13. 4 jQuery: Novice to Ninja However, the jQuery team wisely decided that in order to keep the core library fo­ cused, they’d separate out higher-level constructs and package them into a neat library that sits on top of jQuery. That library is called jQuery User Interface (generally abbreviated to just jQuery UI), and it comprises a menagerie of useful effects and advanced widgets that are accessible and highly customizable through the use of themes. Some of these features are illustrated in Figure 1.1. Licensed to JamesCarlson@aol.com Figure 1.1. A few jQuery UI widgets Accordions, sliders, dialog boxes, date pickers, and more—all ready to be used right now! You could spend a bunch of time creating them yourself in jQuery (as these have been) but the jQuery UI controls are configurable and sophisticated enough that your time would be better spent elsewhere—namely implementing your unique project requirements rather than ensuring your custom date picker appears correctly across different browsers! We’ll certainly be using a bunch of jQuery UI functionality as we progress through the book. We’ll even integrate some of the funky themes available, and learn how to create our own themes using the jQuery UI ThemeRoller tool.
  14. Falling in Love with jQuery 5 Plugins The jQuery team has taken great care in making the jQuery library extensible. By including only a core set of features while providing a framework for extending the library, they’ve made it easy to create plugins that you can reuse in all your jQuery projects, as well as share with other developers. A lot of fairly common functionality has been omitted from the jQuery core library, and relegated to the realm of the plugin. Don’t worry, this is a feature, not a flaw. Any additional required function­ ality can be included easily on a page-by-page basis to keep bandwidth and code bloat to a minimum. Thankfully, a lot of people have taken advantage of jQuery’s extensibility, so there Licensed to JamesCarlson@aol.com are already hundreds of excellent, downloadable plugins available from the jQuery plugin repository, with new ones added all the time. A portion of this can be seen in Figure 1.2. Figure 1.2. The jQuery plugin repository Whenever you’re presented with a task or problem, it’s worth checking first to see if there’s a plugin that might suit your needs. That’s because almost any functionality you might require has likely already been turned into a plugin, and is available and ready for you to start using. Even if it turns out that you need to do some work yourself, the plugin repository is often the best place to steer you in the right direc­ tion. Keeping Markup Clean Separating script behavior from page presentation is best practice in the web devel­ opment game—though it does present its share of challenges. jQuery makes it a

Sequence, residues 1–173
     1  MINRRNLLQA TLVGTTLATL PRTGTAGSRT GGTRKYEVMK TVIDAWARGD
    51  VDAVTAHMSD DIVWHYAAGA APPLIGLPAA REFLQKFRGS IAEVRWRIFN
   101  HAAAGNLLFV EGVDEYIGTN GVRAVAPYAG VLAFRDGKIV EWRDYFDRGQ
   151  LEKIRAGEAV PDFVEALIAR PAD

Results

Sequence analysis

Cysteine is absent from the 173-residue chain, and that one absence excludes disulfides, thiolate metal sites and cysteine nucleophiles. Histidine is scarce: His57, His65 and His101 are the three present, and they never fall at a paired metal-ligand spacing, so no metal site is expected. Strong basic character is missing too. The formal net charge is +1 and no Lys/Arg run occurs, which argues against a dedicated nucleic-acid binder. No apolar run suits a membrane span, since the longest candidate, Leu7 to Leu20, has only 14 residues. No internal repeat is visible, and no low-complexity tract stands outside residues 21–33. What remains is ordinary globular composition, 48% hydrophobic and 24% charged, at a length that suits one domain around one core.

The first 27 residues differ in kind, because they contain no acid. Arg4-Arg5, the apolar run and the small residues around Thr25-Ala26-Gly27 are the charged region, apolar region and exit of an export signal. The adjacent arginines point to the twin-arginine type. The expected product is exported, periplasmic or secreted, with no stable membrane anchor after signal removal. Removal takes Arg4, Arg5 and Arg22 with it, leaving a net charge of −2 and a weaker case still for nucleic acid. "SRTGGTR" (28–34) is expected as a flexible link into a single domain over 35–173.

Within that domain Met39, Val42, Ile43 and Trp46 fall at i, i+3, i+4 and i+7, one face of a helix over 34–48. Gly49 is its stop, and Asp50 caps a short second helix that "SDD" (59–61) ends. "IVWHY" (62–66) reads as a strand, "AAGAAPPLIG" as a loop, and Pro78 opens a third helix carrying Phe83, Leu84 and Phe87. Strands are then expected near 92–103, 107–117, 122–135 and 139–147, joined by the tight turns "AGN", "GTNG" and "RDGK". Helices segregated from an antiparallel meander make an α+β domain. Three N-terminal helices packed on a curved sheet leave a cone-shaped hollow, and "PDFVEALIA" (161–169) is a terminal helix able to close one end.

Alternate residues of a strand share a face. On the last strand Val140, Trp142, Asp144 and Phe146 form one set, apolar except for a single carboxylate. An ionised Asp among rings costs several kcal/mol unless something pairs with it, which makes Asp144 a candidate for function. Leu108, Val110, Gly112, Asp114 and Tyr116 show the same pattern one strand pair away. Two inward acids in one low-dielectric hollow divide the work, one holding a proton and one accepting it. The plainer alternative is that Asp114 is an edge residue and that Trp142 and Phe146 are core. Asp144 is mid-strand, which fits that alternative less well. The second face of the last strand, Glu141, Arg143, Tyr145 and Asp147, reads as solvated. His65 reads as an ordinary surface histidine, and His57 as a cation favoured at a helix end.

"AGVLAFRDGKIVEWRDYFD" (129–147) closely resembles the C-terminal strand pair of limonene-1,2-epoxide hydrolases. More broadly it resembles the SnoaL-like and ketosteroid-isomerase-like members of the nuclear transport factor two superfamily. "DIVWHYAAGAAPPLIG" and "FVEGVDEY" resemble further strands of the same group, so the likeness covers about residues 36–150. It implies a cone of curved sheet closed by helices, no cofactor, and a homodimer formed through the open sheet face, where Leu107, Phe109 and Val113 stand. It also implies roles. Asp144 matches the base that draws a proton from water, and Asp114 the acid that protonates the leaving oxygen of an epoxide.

15. 6 jQuery: Novice to Ninja cinch to completely rid your markup of inline scripting, thanks to its ability to easily hook elements on the page and attach code to them in a natural, CSS-like manner. jQuery lacks a mechanism for adding inline code, so this separation of concerns leads to leaner, cleaner, and more maintainable code. Hence, it’s easy to do things the right way, and almost impossible to do them the wrong way! And jQuery isn’t limited to meddling with a page’s existing HTML—it can also add new page elements and document fragments via a collection of handy functions. There are functions to insert, append, and prepend new chunks of HTML anywhere on the page. You can even replace, remove, or clone existing elements—all functions that help you to progressively enhance your sites, thus providing a fully featured experience to users whose browsers allow it, and an acceptable experience to Licensed to JamesCarlson@aol.com everyone else. Widespread Adoption If you care to put every JavaScript library you can think of into Google Trends,1 you’ll witness jQuery’s exponential rise to superstardom. It’s good to be in the in crowd when it comes to libraries, as popularity equates to more active code devel­ opment and plenty of interesting third-party goodies. Countless big players on the Web are jumping on the jQuery bandwagon: IBM, Netflix, Google (which both uses and hosts the jQuery library), and even Microsoft, which now includes jQuery with its MVC framework. With such a vast range of large companies on side, it’s a safe bet that jQuery will be around for some time to come—so the time and effort you invest in learning it will be well worth your while! jQuery’s popularity has also spawned a large and generous community that’s sur­ prisingly helpful. No matter what your level of skill, you’ll find other developers patient enough to help you out and work through any issues you have. This caring and sharing spirit has also spread out to the wider Internet, blossoming into an en­ cyclopedia of high quality tutorials, blog posts, and documentation. 1 http://www.google.com/trends/
Đồng bộ tài khoản